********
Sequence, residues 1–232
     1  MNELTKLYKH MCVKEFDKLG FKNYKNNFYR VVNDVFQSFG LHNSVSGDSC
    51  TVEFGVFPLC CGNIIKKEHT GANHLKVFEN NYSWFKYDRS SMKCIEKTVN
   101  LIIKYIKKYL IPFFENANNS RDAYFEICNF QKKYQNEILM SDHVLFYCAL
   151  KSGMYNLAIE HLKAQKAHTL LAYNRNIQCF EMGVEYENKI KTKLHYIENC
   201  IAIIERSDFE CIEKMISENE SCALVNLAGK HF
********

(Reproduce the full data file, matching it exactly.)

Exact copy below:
Sequence, residues 1–232
     1  MNELTKLYKH MCVKEFDKLG FKNYKNNFYR VVNDVFQSFG LHNSVSGDSC
    51  TVEFGVFPLC CGNIIKKEHT GANHLKVFEN NYSWFKYDRS SMKCIEKTVN
   101  LIIKYIKKYL IPFFENANNS RDAYFEICNF QKKYQNEILM SDHVLFYCAL
   151  KSGMYNLAIE HLKAQKAHTL LAYNRNIQCF EMGVEYENKI KTKLHYIENC
   201  IAIIERSDFE CIEKMISENE SCALVNLAGK HF